The paper presents results of a large-scale research on the scope of services in extracurricular and extra-school education and on assessment of the potential role of education beyond the classroom and informal education in solving children socialization issues. The research was carried out through questioning students as consumers of education services. A new instrument was developed and tested to allow for a detailed description of various aspects of extracurricular activities and their correlation with studies and social and psychological characteristics of students. An extensive statistic material (over 6,000 questionnaires filled out by students from several regions of Russia) was used to analyze the degree of engagement in out-of-class activities among children of different age; the activities that are more popular for specific age groups; the age range when children are most engaged in such activities; the reasons for non-participation in extracurricular activities; the infrastructure of education beyond the classroom; the relative frequency of structured and non-structured classes; the correlation between out-of-class activities and development of self-esteem, feeling of community, and satisfaction. Age- and gender-related profiles of various classes are described. It appears that structured extracurricular activities, unlike unstructured ones, correlate with higher self-esteem (both overall and academic), stronger sense of belonging, and better satisfaction with school.
Basking in the glory of schools: school characteristics and the self-concept of students in mathematics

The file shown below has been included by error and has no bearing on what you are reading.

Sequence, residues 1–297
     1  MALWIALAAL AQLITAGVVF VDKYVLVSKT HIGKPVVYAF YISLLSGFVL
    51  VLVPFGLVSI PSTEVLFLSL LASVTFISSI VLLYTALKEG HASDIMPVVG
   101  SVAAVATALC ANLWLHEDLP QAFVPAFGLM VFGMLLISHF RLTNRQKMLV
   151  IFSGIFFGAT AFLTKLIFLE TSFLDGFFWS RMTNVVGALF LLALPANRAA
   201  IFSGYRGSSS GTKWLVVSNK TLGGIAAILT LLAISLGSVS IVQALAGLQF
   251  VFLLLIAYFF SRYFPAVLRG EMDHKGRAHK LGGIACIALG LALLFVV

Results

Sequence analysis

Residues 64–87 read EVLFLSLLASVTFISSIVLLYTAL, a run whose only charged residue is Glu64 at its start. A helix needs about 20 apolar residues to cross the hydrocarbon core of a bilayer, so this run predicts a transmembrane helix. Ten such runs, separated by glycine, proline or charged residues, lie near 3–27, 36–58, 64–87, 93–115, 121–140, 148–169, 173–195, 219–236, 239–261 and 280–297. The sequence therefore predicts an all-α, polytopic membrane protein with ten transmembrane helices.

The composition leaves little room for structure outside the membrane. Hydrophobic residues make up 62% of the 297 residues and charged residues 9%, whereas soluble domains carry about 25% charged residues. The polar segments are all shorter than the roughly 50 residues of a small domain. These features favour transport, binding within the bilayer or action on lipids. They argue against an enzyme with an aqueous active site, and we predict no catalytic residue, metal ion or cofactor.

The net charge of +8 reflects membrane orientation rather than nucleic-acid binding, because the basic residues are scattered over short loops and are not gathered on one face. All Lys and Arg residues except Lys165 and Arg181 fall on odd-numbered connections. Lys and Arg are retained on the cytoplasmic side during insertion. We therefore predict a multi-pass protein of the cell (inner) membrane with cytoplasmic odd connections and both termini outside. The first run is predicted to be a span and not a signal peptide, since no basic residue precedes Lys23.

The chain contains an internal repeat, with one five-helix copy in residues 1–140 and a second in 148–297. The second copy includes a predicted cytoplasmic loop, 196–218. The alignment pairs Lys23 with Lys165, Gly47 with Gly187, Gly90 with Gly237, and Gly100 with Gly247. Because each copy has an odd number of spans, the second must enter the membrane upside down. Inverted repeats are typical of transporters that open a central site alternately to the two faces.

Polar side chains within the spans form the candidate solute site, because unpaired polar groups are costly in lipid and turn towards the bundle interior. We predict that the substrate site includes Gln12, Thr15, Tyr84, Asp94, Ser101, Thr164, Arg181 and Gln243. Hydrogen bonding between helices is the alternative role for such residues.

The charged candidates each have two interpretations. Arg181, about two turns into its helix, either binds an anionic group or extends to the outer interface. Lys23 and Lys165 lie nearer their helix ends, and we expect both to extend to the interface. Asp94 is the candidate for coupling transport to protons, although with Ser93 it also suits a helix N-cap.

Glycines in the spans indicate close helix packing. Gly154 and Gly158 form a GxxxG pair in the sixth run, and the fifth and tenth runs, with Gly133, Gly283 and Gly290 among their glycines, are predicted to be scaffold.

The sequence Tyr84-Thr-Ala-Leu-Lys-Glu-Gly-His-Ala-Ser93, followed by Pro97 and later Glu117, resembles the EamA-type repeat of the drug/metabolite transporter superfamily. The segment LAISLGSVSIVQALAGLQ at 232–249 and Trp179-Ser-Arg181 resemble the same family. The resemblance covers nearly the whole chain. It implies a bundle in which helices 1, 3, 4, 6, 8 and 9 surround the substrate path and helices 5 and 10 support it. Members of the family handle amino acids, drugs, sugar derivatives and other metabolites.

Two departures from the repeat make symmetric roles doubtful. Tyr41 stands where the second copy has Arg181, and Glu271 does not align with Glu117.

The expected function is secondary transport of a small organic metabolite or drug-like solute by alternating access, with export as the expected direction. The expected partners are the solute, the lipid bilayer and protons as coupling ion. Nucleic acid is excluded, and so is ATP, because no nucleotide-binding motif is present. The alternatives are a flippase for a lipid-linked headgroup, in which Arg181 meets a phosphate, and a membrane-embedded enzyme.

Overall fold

Our study contributes to the debate on the interaction between academic context, individual achievement, and mathematics self-concept in schools. It is known that high-achieving peers positively influence the individual achievements of all group members. At the same time, it has been shown that the self-concept of students tends to decrease in the presence of high-achieving peers, as individuals make relative judgments of their abilities vis-à-vis their peer group. Students with mediocre performance feel more confident about their abilities in a group of poor achievers (the Big-Fish-Little-Pond Effect – BFLPE – introduced by H.Marsh). On the other hand, perceived prestige of a school enhances the self-confidence of students as people tend to “bask in the glory” of others (the “reflected glory” effect). We test the two effects mentioned above – BFLPE and the “reflected glory” effect. We hypothesize that both effects are stronger in highly stratified education systems where there is a stronger explicit difference between highand poor-achieving students, and schools are ranked by their prestige. We compare the interaction of academic context, achievement, and mathematics self-concept in stratified (Russia and Czech Republic) and non-stratified (Norway and Sweden) educational systems on the TIMSS’07 database using HLM7. Our study shows: 1) an absence of BFLPE for all four countries, i.e. the achievement of others is positively related to an individual’s math self-concept; 2) strong support for the “reflected glory” effect is found only in stratified educational systems; and 3) greater positive effect on self-concept for students with poor achievement who study in the best schools.